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Most Scottish police go to work mentally and physically unwell

Many are turning to booze and drugs

Most police in Scotland go to work mentally and physically unwell and many are turning to alcohol or prescription drugs as a coping mechanism, a study shows.

Researchers found nearly three-quarters of police went to work while physically unwell in the past six months and over a third went while mentally unwell.

The study, reported by the Scottish Sun, suggests one in 10 of Scotland’s 17,000 officers drink alcohol or take prescription drugs as a coping mechanism.

The Scottish Police Federation (SPF) said the study had also found almost half of officers suffer from exhaustion, one in five experience insomnia and one in 10 were hit by skin condition psoriasis, which can be caused by stress or burnout.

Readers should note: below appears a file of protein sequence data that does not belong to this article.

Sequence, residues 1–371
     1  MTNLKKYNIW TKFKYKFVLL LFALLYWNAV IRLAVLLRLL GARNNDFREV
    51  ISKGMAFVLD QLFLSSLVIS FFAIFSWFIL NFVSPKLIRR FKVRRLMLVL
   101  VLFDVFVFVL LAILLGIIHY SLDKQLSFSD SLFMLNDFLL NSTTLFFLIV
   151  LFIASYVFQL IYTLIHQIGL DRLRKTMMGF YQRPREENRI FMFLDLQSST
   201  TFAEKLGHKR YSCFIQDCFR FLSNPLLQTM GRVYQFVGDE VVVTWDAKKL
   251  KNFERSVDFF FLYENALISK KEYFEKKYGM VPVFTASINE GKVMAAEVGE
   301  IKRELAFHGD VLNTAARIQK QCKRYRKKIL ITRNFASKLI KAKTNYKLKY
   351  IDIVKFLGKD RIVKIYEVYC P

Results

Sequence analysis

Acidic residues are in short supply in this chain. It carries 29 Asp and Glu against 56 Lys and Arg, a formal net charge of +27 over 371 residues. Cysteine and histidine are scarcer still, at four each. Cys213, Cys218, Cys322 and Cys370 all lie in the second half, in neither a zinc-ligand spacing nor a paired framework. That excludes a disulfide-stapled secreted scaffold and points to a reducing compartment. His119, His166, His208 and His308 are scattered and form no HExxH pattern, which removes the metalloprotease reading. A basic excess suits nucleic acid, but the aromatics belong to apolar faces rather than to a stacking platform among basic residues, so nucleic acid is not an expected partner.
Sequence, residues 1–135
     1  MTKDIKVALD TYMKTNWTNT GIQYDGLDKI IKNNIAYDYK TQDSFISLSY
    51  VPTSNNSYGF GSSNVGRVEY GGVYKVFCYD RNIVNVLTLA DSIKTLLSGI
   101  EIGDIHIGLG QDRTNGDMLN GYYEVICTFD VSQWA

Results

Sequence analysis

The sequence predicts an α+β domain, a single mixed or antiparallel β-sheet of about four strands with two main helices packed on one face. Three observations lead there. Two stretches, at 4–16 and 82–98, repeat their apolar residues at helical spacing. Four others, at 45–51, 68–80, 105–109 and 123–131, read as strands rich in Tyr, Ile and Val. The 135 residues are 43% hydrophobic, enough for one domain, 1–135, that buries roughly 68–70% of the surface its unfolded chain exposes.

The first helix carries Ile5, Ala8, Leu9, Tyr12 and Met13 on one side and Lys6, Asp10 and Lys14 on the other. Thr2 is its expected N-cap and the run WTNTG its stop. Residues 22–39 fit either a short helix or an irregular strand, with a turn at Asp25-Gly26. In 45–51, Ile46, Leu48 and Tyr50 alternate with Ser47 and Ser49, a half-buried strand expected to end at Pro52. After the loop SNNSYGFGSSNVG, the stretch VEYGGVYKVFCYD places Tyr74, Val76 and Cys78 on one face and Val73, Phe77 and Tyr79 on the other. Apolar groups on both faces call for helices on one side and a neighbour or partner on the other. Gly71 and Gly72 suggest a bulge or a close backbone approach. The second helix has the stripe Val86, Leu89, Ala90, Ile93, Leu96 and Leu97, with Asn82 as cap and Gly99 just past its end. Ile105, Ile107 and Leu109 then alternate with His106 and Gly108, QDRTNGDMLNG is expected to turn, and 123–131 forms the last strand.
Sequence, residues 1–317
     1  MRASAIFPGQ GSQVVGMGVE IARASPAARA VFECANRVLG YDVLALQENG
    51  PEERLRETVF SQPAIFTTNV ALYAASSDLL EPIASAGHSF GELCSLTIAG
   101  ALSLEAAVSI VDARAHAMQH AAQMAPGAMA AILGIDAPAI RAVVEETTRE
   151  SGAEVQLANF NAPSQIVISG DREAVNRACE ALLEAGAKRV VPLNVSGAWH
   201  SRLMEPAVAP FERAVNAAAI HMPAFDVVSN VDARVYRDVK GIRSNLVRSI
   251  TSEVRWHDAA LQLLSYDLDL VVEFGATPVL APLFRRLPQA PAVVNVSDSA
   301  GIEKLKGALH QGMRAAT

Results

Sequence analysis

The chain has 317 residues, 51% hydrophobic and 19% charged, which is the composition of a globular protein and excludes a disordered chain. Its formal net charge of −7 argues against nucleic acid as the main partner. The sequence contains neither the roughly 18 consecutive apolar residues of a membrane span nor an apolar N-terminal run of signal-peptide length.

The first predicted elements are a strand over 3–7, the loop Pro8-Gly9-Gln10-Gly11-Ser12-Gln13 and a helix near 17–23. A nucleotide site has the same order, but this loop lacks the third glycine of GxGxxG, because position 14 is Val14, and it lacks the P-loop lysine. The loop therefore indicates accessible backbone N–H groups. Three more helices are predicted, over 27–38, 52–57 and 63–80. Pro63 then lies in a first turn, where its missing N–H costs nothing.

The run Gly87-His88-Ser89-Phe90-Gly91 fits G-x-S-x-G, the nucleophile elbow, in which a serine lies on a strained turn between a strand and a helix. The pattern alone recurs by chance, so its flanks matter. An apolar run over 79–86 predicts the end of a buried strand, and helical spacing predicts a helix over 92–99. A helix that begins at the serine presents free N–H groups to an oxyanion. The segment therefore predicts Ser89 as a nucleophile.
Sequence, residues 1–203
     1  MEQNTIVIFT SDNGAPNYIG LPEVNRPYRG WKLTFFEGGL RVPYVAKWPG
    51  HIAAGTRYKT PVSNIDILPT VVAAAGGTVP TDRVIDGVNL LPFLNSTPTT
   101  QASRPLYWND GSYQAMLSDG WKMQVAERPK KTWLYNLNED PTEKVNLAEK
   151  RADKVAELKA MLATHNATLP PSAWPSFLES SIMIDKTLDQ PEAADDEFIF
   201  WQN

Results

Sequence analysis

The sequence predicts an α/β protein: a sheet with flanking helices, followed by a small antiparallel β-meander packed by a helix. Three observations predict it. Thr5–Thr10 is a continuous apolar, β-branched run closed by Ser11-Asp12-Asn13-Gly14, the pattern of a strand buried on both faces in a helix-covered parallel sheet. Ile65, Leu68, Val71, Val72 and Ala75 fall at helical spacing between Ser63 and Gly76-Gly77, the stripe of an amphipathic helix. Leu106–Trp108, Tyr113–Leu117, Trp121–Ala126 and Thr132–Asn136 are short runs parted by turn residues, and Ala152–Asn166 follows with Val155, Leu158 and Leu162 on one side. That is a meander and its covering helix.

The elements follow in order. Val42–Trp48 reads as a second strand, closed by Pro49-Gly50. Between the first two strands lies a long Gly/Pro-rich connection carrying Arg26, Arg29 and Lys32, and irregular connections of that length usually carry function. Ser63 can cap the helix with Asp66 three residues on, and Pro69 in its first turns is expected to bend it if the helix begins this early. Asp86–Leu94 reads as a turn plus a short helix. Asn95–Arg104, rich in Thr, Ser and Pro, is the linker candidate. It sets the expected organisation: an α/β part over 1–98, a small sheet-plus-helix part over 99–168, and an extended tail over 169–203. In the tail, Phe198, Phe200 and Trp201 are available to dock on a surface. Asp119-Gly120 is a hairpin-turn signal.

The findings were revealed by the SPF in correspondence with Scottish Liberal Dem leader Willie Rennie, who confronted Nicola Sturgeon in parliament this month with figures showing an 11% rise in mental ill-health sick leave taken by officers.

The study found just under two-thirds of police said force bosses showed “very little concern” for them.

“This new research presents a devastating breakdown of the health of Scotland’s police officers,” said Rennie. “Far too many are exhausted, depressed and being pushed towards alcohol and drugs in order to cope.”

Deputy Chief Constable Fiona Taylor said: “The wellbeing of our officers and staff is a priority and we have a range of support mechanisms in place. An engagement and wellbeing survey will be carried early next year.”